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She then goes to restate what the constitution says ‘We, the people of the United States, in order to form a more perfect union, establish justice, insure domestic tranquillity, provide for the common defense, promote the general welfare, and secure the blessings of liberty to ourselves and our posterity, do ordain and establish this Constitution for the United States of America.” She breaks this statement down asking the courtroom where it forbids women from voting,(and) that their rule should not be over the constitution. This has a big impact because instead of simply stating her opinion to prove her point she has a quality fact that proves it. Ethos is the second most used rhetorical strategy in the text. The best use of it was when Anthony stated “are women persons? And I hardly believe any of our opponents will have the hardihood to say they are not. Being persons, then, women are citizens; and no state has a right to make any law, or to enforce any old law, that shall abridge their privileges or immunities.” This brief sentence untangles and broadcasts how women aren’t treated as equal. Her question ‘are women persons?’ tests the character of the audience, causing them to question how they value and weigh women compared to themselves. Pathos is also used in this passage when Anthony informs the audience that no state has the right change or bend any law just because of a gender. The mix of both accurate information and her appeal to morals in her rhetorical questions makes ethos stand out that much more, helping make her and what she says more believable. Pathos was rarely used in this speech as she was searching for a logical connection with the audience rather than an emotional connection, but both Pathos and Ethos may be found when she states that “It was we, the people; not we, the white male citizens; nor yet we, the male citizens; but we, the whole people.” The repetition of the word “we” demonstrates the importance of her stance, and how she is trying to stress that in the original constitution was meant for the entirety of the population, not just some of it. Anthony lived the unfairness daily. This speech was spoken emotionally yet powerfully through her experiences, especially here with the unison of the word we. The stress on that word makes it that much more powerful and exemplifies her emotions towards this country coming together as one for equal voting rights.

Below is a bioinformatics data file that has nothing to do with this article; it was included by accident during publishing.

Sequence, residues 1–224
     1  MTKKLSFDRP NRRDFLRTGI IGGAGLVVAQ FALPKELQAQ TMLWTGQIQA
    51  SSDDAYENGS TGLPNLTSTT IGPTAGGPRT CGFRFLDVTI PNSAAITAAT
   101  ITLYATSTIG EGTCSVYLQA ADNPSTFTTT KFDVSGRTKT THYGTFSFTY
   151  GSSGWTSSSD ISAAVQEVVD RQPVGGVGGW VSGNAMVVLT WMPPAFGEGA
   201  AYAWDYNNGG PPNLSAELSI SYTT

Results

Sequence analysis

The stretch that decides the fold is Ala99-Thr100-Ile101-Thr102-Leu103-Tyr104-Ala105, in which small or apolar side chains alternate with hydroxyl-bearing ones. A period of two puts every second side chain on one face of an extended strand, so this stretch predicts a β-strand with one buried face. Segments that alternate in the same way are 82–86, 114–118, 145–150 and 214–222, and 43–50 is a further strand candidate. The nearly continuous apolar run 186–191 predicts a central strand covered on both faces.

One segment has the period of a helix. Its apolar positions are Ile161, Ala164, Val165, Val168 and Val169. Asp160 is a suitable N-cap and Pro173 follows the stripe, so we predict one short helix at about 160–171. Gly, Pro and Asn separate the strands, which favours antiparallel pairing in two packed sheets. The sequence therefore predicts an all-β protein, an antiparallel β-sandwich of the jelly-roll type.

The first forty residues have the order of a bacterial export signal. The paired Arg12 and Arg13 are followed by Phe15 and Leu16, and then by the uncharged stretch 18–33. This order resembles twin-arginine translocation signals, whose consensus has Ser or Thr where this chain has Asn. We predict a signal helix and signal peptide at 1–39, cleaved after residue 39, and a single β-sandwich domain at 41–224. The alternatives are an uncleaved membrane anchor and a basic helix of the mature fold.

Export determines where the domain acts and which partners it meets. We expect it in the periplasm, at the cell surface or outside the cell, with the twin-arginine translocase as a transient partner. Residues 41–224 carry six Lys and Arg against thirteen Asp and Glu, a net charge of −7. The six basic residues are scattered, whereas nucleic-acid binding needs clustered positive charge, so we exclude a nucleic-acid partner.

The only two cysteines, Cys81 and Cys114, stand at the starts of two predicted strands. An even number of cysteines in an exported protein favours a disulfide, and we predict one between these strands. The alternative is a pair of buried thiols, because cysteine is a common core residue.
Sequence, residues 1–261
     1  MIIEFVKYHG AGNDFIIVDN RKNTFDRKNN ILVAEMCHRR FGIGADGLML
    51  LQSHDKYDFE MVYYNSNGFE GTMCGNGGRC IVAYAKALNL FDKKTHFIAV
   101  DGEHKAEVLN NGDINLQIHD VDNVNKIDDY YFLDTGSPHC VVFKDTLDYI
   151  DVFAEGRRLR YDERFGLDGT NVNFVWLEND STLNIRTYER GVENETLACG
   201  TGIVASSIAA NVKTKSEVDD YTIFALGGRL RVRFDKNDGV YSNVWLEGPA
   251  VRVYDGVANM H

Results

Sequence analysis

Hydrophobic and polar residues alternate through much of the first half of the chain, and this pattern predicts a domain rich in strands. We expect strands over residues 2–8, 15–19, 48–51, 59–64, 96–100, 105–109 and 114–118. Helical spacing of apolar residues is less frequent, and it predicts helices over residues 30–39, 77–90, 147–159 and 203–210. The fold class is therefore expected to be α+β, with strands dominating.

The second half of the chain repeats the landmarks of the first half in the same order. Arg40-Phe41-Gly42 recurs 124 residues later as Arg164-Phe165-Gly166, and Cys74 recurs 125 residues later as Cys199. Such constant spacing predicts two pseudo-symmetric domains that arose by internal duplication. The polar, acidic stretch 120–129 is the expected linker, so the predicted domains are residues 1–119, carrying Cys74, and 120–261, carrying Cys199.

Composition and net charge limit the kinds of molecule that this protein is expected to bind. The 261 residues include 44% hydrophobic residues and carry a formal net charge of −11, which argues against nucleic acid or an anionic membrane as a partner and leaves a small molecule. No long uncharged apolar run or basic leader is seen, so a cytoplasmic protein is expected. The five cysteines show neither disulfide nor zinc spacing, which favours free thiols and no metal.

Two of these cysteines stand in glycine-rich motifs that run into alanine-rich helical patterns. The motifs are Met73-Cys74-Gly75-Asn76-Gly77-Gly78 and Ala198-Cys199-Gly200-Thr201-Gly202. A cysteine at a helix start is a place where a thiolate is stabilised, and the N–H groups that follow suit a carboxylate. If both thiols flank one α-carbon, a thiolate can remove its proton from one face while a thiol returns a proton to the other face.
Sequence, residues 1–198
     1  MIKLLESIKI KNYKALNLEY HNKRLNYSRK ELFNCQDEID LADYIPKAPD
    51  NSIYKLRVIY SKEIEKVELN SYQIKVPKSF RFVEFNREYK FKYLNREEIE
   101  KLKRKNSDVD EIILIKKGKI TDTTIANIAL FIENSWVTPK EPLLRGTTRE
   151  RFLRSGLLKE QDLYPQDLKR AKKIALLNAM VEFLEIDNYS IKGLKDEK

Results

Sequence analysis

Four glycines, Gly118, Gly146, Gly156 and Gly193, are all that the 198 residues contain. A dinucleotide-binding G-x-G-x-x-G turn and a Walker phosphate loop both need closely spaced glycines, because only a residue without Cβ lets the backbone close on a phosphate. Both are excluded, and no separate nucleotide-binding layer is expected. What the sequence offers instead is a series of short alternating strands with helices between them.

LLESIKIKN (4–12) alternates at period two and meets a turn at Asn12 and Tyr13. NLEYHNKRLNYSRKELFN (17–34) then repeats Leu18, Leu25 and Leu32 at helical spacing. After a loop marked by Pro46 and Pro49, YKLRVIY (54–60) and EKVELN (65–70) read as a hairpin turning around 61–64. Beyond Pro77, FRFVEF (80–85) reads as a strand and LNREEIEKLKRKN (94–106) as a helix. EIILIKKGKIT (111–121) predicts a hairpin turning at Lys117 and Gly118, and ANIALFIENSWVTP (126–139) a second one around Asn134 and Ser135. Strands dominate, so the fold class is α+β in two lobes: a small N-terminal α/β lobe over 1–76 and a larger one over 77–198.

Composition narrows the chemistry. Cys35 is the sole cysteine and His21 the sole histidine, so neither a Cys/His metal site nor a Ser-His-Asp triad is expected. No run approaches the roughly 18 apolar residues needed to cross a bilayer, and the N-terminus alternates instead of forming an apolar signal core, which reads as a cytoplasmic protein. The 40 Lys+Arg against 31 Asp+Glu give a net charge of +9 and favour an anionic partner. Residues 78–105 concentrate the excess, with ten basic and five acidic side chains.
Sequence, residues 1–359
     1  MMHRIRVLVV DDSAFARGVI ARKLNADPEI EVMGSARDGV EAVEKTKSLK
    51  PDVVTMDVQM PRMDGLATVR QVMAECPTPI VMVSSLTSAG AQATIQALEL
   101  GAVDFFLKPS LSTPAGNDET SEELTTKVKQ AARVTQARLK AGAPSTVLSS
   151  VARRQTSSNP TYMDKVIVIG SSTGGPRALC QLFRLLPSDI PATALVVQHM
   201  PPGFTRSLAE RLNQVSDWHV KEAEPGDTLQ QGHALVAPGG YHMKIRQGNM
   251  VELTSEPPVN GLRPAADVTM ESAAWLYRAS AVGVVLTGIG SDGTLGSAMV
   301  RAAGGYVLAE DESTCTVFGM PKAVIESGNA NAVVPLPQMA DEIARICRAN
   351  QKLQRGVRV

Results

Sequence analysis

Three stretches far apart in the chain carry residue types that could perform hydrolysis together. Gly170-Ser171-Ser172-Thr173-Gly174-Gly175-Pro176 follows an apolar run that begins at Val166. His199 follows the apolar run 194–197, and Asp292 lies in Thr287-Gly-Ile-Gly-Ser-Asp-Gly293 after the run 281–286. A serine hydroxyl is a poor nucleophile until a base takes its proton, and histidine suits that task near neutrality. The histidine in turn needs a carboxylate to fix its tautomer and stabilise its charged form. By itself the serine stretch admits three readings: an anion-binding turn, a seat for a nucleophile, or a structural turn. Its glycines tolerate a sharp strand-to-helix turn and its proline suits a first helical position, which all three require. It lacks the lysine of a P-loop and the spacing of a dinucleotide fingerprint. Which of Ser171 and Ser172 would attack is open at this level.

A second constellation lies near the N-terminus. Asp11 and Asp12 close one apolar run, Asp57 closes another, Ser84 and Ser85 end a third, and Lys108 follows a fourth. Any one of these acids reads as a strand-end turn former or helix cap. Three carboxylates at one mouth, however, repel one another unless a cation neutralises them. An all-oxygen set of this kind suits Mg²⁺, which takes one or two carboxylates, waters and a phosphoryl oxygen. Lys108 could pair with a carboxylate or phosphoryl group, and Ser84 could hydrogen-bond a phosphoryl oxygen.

Anthony was a voice when no one else would speak and a symbol of hope for change in America. Her groundbreaking speech was an upstart to the sociological change in the rights for women and African Americans in the 1800s. Without the use of her rhetorical strategies of Kairos, Logos, Ethos, and Pathos her speech would not have been as convincing and would not have impacted the drastic change in politics in the years to come.

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Analysis of Rhetorical Strategies in Speech on the Women’s Right to Vote by Susan B. Anthony. (2022, July 14). Edubirdie. Retrieved November 27, 2022, from https://edubirdie.com/examples/analysis-of-rhetorical-strategies-in-speech-on-the-womens-right-to-vote-by-susan-b-anthony/
“Analysis of Rhetorical Strategies in Speech on the Women’s Right to Vote by Susan B. Anthony.” Edubirdie, 14 Jul. 2022, edubirdie.com/examples/analysis-of-rhetorical-strategies-in-speech-on-the-womens-right-to-vote-by-susan-b-anthony/
Analysis of Rhetorical Strategies in Speech on the Women’s Right to Vote by Susan B. Anthony. [online]. Available at: <https://edubirdie.com/examples/analysis-of-rhetorical-strategies-in-speech-on-the-womens-right-to-vote-by-susan-b-anthony/> [Accessed 27 Nov. 2022].
Analysis of Rhetorical Strategies in Speech on the Women’s Right to Vote by Susan B. Anthony [Internet]. Edubirdie. 2022 Jul 14 [cited 2022 Nov 27]. Available from: https://edubirdie.com/examples/analysis-of-rhetorical-strategies-in-speech-on-the-womens-right-to-vote-by-susan-b-anthony/